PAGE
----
The design of the CLACS is an opportunity for Coahuila to go beyond the model of the NACS and pass dedicated whistleblower protection legislation. Such legislation would clearly define the nature of protected disclosures, call for sanctions on individuals who exercise reprisals against whistleblowers, shift the burden of proof to employers, allow redress for civil servants who experience reprisals, and facilitate anonymous reporting. By building an open organisational culture within the state institutions, trust in the reporting lines can be strengthened and potential whistleblowers will be encouraged to come forward.

Internal control is a critical element in safeguarding integrity and enabling effective accountability. Coahuila has developed a General Standard for Internal Control including a risk management framework to be applied in the state government. However, further efforts are needed to embed internal control activities into the strategic and operational activities of public sector institutions. Indeed, public officials from operational levels claim that a stronger tone emanating from the heads of public institutions would help establish internal control and risk management as a responsibility of every public official, not just top management. The use of data analytics and the creation of Internal Control Units in ministries where risks are most significant also have the potential to improve internal control activities in Coahuila.

Coahuila has developed one of the most advanced transparency frameworks in the country. According to rankings compiled by think-tanks and non-governmental organisations, its level of sophistication is a result of a strong legal framework, extensive disclosure of budget information, and the performance of the guaranteeing institution. For instance, the Mexican Institute for Competitiveness (Instituto Mexicano para la Competitividad, IMCO) measured compliance with budget transparency criteria at state level and, for the second year in a row, Coahuila was the only state where all municipalities complied. The state government has also developed a strategy on open data after a broad public consultation process involving all state regions. Public entities in Coahuila could improve data socialisation and develop online visualisation tools to make transparency an effective mechanism to promote accountability. Furthermore, Coahuila could further promote public engagement and oversight by using existing tools more effectively and developing new innovative ones.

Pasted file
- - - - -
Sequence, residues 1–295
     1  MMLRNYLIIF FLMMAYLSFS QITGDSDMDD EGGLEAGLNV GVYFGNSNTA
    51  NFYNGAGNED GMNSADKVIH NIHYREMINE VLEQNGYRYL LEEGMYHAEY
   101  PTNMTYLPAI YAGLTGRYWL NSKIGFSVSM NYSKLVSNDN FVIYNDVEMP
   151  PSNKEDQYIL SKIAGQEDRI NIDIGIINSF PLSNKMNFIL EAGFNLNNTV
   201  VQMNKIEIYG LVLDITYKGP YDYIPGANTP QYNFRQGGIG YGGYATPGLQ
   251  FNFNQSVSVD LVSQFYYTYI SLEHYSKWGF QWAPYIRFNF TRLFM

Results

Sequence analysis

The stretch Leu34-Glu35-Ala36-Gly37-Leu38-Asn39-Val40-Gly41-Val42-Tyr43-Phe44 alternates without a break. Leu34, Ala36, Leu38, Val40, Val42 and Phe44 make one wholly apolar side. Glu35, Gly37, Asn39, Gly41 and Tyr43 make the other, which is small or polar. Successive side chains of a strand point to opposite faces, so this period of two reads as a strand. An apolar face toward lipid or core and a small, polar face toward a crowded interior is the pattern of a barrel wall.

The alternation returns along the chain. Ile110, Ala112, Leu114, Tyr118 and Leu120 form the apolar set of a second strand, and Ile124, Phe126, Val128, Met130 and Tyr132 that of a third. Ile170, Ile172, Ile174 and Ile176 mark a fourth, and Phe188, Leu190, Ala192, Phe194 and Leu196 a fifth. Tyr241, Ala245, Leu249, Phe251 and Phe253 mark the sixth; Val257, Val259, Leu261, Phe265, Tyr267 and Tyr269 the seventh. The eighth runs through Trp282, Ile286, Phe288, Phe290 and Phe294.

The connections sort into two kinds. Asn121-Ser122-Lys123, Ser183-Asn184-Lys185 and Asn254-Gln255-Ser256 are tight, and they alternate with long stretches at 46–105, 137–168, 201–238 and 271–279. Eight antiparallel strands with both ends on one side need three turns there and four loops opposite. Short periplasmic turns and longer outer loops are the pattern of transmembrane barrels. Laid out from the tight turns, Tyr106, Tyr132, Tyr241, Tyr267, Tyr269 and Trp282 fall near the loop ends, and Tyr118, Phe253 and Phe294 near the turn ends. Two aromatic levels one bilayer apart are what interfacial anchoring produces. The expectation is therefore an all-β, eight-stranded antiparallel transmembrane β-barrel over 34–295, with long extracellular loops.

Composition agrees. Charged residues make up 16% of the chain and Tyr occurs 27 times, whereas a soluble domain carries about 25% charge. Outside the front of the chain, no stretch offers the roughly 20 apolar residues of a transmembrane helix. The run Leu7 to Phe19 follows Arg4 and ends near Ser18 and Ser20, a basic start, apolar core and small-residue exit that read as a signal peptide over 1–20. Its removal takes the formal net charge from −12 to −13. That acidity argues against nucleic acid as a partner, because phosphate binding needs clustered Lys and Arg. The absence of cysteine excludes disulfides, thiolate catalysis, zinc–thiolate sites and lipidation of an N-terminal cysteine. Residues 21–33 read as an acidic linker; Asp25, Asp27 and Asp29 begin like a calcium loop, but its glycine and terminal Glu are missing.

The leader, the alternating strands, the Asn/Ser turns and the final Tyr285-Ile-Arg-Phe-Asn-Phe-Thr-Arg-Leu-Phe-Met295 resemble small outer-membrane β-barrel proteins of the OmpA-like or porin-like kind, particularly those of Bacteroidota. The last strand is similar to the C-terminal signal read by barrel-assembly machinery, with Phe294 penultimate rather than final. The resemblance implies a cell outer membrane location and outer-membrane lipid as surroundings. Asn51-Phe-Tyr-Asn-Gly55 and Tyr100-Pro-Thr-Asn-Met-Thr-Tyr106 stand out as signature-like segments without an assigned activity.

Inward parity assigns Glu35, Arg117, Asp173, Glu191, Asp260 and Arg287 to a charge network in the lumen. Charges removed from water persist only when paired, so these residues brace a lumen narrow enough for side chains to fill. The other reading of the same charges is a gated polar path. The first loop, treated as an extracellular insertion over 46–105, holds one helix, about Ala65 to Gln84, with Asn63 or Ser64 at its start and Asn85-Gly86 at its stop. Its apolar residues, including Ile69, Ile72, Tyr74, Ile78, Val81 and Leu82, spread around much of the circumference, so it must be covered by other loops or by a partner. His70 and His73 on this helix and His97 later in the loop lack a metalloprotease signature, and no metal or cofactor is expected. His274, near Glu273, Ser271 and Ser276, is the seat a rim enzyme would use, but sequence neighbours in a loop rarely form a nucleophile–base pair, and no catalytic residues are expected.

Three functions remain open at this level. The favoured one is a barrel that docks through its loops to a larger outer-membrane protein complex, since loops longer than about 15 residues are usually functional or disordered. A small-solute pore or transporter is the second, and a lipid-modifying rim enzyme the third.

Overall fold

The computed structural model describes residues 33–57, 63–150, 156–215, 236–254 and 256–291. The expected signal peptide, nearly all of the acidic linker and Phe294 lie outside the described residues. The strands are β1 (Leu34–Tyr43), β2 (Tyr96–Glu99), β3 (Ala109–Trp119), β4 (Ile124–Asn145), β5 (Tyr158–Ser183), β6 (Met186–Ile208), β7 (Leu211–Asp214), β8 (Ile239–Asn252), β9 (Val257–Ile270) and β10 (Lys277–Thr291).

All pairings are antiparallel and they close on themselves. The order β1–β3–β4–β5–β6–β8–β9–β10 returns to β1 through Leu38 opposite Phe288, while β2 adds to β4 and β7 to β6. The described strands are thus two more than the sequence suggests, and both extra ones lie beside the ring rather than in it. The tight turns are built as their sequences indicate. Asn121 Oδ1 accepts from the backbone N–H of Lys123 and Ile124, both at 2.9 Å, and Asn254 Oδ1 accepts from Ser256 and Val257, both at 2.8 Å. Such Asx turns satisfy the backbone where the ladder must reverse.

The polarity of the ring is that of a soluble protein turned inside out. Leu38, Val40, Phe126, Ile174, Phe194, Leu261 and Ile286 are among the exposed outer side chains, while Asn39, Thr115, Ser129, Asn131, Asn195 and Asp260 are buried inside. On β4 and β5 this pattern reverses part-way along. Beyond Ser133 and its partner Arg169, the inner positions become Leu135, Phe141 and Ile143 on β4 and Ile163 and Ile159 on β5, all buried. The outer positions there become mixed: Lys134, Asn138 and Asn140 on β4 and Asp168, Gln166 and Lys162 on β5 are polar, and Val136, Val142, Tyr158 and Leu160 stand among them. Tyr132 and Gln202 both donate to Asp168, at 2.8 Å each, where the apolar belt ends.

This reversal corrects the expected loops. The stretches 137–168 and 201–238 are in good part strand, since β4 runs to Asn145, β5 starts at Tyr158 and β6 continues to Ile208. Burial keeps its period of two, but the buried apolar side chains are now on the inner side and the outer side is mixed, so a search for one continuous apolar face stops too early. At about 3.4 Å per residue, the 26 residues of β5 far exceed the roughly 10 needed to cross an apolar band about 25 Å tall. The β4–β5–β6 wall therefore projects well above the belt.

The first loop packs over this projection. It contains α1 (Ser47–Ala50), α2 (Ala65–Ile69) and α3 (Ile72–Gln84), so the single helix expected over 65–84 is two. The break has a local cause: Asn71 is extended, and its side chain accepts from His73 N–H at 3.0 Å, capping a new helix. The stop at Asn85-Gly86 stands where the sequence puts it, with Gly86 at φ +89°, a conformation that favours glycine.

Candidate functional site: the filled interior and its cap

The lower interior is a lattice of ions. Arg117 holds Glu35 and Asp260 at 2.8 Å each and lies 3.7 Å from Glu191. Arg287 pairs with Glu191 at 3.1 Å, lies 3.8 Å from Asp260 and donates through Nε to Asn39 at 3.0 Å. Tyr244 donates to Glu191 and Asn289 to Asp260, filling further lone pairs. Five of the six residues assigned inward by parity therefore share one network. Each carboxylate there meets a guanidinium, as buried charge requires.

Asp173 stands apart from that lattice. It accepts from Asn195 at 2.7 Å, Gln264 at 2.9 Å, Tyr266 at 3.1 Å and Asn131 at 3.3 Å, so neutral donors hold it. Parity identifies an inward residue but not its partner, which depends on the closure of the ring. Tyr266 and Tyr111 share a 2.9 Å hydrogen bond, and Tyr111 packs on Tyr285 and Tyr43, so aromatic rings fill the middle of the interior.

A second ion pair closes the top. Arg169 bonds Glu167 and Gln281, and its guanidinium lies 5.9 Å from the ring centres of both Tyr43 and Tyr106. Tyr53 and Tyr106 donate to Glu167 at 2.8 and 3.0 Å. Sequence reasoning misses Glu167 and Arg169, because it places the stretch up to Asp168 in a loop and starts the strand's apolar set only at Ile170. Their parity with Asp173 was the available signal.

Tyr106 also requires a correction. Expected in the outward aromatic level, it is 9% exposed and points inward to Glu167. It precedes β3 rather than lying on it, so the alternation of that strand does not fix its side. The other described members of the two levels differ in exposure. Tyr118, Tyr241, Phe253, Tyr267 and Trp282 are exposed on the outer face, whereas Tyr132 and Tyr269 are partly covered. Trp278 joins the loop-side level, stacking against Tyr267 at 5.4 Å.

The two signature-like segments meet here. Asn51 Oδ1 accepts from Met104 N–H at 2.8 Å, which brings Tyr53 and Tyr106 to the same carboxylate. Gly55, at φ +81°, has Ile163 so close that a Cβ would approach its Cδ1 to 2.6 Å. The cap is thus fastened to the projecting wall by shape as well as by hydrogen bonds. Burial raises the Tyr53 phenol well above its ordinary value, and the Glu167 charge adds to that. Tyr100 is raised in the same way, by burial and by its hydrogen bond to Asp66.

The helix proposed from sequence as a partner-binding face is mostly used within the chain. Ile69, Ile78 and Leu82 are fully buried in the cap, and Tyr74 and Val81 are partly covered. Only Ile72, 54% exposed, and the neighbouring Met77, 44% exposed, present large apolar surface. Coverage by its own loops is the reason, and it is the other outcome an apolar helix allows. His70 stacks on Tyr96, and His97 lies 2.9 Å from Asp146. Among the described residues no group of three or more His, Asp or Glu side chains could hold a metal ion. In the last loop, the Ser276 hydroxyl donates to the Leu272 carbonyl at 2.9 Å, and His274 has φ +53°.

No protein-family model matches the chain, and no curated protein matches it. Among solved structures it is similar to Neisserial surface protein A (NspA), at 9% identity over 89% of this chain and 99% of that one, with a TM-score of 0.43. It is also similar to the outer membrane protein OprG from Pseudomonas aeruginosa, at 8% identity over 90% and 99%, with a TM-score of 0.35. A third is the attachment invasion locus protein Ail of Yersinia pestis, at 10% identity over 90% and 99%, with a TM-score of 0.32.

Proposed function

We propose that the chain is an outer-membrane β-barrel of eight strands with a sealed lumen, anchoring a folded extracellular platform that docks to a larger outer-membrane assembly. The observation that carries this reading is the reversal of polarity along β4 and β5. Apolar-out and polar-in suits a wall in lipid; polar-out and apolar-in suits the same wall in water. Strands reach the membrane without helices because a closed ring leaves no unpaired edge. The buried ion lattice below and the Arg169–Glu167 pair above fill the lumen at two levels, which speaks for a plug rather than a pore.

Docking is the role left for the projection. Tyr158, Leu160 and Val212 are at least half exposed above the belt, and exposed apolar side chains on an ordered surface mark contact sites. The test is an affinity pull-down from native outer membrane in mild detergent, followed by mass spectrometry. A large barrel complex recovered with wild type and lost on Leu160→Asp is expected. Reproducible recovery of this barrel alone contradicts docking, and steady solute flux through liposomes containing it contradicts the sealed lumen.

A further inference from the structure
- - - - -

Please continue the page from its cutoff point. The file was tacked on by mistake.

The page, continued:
The state government has also taken steps to ensure integrity and value for money in public procurement, which is particularly vulnerable to integrity violations due to its high complexity, close interaction between the public and private sectors, and the large volume of transactions processed. It has developed a Code of Conduct and a Conflict-of-Interest Manifest for suppliers. Nevertheless, it still lacks a specific code of ethics for procurement officials. The state government has improved transparency in public procurement by reducing direct awards thresholds and the live transmission of tender events. Coahuila could maximise transparency by developing a unique online portal for public procurement and an e-procurement system. Additional reforms could include developing co-operation agreements and integrity pacts with the private sector, and improving engagement with civil society through mechanisms such as the social witness programme.